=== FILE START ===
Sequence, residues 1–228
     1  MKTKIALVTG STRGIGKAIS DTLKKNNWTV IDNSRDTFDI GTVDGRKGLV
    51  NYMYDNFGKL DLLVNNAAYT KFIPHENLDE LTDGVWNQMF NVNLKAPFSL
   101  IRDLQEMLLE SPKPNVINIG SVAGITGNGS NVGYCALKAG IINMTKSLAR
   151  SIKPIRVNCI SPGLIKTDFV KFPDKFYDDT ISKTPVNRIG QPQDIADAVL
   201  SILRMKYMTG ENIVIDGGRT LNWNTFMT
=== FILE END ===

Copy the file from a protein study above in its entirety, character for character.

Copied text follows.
Sequence, residues 1–228
     1  MKTKIALVTG STRGIGKAIS DTLKKNNWTV IDNSRDTFDI GTVDGRKGLV
    51  NYMYDNFGKL DLLVNNAAYT KFIPHENLDE LTDGVWNQMF NVNLKAPFSL
   101  IRDLQEMLLE SPKPNVINIG SVAGITGNGS NVGYCALKAG IINMTKSLAR
   151  SIKPIRVNCI SPGLIKTDFV KFPDKFYDDT ISKTPVNRIG QPQDIADAVL
   201  SILRMKYMTG ENIVIDGGRT LNWNTFMT